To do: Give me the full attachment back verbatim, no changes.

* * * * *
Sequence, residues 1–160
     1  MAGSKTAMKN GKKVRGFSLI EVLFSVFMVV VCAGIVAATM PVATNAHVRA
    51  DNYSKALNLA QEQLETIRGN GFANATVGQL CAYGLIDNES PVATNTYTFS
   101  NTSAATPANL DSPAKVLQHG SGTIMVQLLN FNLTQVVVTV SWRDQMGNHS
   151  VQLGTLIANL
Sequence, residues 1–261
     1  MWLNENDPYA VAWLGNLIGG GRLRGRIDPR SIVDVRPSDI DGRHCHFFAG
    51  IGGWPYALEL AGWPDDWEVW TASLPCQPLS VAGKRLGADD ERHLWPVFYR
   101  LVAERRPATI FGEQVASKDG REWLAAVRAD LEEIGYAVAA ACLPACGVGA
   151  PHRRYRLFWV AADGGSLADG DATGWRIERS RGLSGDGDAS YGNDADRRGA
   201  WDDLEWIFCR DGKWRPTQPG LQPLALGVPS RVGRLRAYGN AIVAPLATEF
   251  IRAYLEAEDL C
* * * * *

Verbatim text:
Sequence, residues 1–160
     1  MAGSKTAMKN GKKVRGFSLI EVLFSVFMVV VCAGIVAATM PVATNAHVRA
    51  DNYSKALNLA QEQLETIRGN GFANATVGQL CAYGLIDNES PVATNTYTFS
   101  NTSAATPANL DSPAKVLQHG SGTIMVQLLN FNLTQVVVTV SWRDQMGNHS
   151  VQLGTLIANL
Sequence, residues 1–261
     1  MWLNENDPYA VAWLGNLIGG GRLRGRIDPR SIVDVRPSDI DGRHCHFFAG
    51  IGGWPYALEL AGWPDDWEVW TASLPCQPLS VAGKRLGADD ERHLWPVFYR
   101  LVAERRPATI FGEQVASKDG REWLAAVRAD LEEIGYAVAA ACLPACGVGA
   151  PHRRYRLFWV AADGGSLADG DATGWRIERS RGLSGDGDAS YGNDADRRGA
   201  WDDLEWIFCR DGKWRPTQPG LQPLALGVPS RVGRLRAYGN AIVAPLATEF
   251  IRAYLEAEDL C